Tom Gaglardi, Northland Properties | BCBusiness

Tom Gaglardi, Northland Properties | BCBusiness
"If [the Sutton Place Hotel in Revelstoke] had not been in B.C. we would have said. . .we can get out of this, capture a bunch of our money and just write this off."

Tom Gaglardi talks about hockey, the hospitality industry and how he’s no longer the man you thought you knew.

Tom Gaglardi knows he’s something of a changed man.

The real estate and hotel mogul feels he was once more akin to his late grandfather Phil, the legendary minister of highways who relished public attention. These days, the 44-year-old considers himself more introverted – although happy enough to continue being the mouthpiece of the family’s Vancouver-headquartered Northland Properties Corp. (His father Bob, the company’s founder, is publicity-shy.)

“Everybody has an ego and when I was younger it was important to get recognition,” the CEO reflects as we sit in Fleuri, the restaurant of Northland’s latest acquisition, Vancouver’s Sutton Place Hotel. “I’ve tired of that and the older I get I really treasure my anonymity. I’ve become a lot like my dad.”

When you work in a familial set-up, it must be impossible to avoid making such comparisons. Daily, he and his father “drive the growth” of 45 Sandman Inn Hotels and 140 restaurants including Moxie’s, Shark Clubs and Denny’s of Canada totalling some 10,000 employees. Both his sisters, Andrea and Devonna, are involved in the business; his brother, Mitch, runs U.K. operations. And Gaglardi met his wife, Brittney, in 2000 when she worked for the ad agency that represented Moxie’s.

Deals made by the father-and-eldest-son partnership are in unison, such as paying $198 million for this Sutton and its Edmonton sister. While Gaglardi admits they cost “dearly,” he adds that it was too big an opportunity to pass up. “It’s tough to find good assets,” the Kerrisdale resident says, adding that the Sutton brand now includes a hotel at Revelstoke Mountain Resort and one planned in Calgary.

If something doesn’t make sense to one of the men, Gaglardi says, “normally you can convince the other that the logic isn’t there and we shouldn’t do it.” Times do occur, however, when father and son are off kilter on a proposition. If one is unrelenting, Gaglardi insists, “the other will say, ‘well, go have at it.’”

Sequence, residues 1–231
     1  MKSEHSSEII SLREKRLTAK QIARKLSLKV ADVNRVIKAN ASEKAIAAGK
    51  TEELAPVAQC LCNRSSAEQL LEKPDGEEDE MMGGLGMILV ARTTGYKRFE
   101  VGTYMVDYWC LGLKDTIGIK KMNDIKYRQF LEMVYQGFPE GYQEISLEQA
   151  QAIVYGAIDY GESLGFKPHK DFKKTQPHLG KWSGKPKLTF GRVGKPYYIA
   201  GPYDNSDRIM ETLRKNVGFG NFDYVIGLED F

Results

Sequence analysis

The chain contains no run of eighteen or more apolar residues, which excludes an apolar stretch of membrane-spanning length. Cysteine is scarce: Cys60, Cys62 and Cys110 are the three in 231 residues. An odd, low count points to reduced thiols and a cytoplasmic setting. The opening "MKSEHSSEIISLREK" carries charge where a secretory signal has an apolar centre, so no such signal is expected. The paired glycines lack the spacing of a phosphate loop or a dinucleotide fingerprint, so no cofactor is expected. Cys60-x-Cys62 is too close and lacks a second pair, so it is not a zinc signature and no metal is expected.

His slip into sports-world parlance is apropos. As owner of the Dallas Stars (his mother, Karen, is Texan) and the Kamloops Blazers, he quips, “My dad never told me I couldn’t do anything, and I’ve had some stupid ideas like buying a hockey team – twice.”

A lifelong player himself and father of three boys who have all followed him onto the ice, Gaglardi – or Gags, as his teammates know him – has long desired to belong to the NHL owners’ club. In 2008, when his legal challenge against Francesco Aquilini over his deal to buy the Canucks failed (“obviously disappointing, but I’ve moved on,” he states, shutting down the subject), he bought the Stars last year. As he tucks into spaghetti and meatballs Gaglardi surmises, “It’s everything I thought it would be.”

If hockey is all Gaglardi Junior’s, Revelstoke is tilted more towards his father. Northland had originally lent money to the B.C. ski hill, so when trouble loomed during the 2008 economic maelstrom the company decided to take it on. Mention a letter published in Revelstoke’s local newspaper this year suggesting that “it’s time to invest back into the mountain,” and he is clearly peeved. “It’s ridiculous how committed we are,” he says, adding that the town is where his great grandfather worked on the railway after emigrating from Italy. “I’m proud of the resort and my father likes the asset a lot, but if it had not been in B.C. we would have said, ‘You know what? We can get out of this, capture a bunch of our money and just write this off.’” Gaglardi is not sure when they will see a return on their investment. “My father’s heard me say, ‘I told you so’ a couple of times,” he adds. “We would have made way more money in our main industry.”

He laughs and admits it doesn’t help that he skis “like a hockey player.” Gaglardi returns to the topics of his favourite game and the notion of change. While watching his team in Dallas his box will buzz with around 20 people; in Kamloops it will be him, only – and some Molson Canadian. “Socializing is part of what I signed up for and I get that,” Gaglardi concludes, “but I’m just as happy to sit by myself. I guess you’re just different over time.”